Coca-Cola has slimmed down its Christmas truck tour through Britain amid opposition from health campaigners.
The annual tour, in which cans of Coke are handed out in dozens of towns and cities, started in 1995.
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The events would be hosted by local councils and "other landowners as part of their Christmas festivities," according to a statement from food and health charity Sustain.
This year's tour kicked off in Glasgow on November 9 and, according to Sustain, will visit 24 municipalities -- down from 38 in 2017.
This follows local opposition coordinated by Sustain's Sugar Smart campaign, including protests in a handful of cities against the festive marketing campaign.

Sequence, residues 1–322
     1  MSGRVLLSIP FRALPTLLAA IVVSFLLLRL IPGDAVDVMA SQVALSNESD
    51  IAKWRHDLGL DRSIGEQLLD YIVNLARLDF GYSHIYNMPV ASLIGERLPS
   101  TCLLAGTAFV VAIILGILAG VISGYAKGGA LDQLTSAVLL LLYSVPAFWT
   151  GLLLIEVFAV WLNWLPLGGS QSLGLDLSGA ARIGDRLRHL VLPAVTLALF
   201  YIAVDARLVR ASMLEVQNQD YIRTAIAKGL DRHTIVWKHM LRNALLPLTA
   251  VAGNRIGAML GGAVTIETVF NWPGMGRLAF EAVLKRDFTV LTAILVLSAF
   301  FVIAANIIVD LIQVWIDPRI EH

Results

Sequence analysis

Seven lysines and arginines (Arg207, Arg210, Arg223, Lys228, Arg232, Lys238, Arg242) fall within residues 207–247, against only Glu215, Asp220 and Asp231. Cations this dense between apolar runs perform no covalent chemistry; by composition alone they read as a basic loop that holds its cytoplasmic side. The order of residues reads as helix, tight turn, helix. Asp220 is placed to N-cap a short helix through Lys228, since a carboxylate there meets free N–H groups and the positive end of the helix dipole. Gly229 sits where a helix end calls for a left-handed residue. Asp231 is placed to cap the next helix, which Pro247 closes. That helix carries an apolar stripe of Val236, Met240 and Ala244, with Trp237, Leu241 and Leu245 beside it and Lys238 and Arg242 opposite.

Sustain said in a statement that cities like Carlisle and Liverpool have chosen not to invite the truck back onto public land this year and noted that Public Health England issued guidance to local councils warning against "the impact seasonal marketing promotions can have on diet-related diseases."
Nearly 100 organizations and campaigners have signed a letter calling on the soft-drink giant to hand out only sugar-free drinks.
Sustain added that this year, the truck is visiting areas that have worse than average health problems relating to diet: "14 of the 19 stops in England have above average prevalence of excess weight amongst 10-11 years olds."
Activists are also pushing large supermarket chains like Asda and Tesco to stop hosting the truck.
Coca-Cola defended its use of Christmas trucks, saying that 90% of the drinks sampled this year will have zero sugar.
"For a few weeks per year thousands of consumers love and enjoy our Christmas truck tour and as long as consumers want it we will continue to run it," Jon Woods, general manager of Coca-Cola Great Britain and Ireland, wrote in a statement.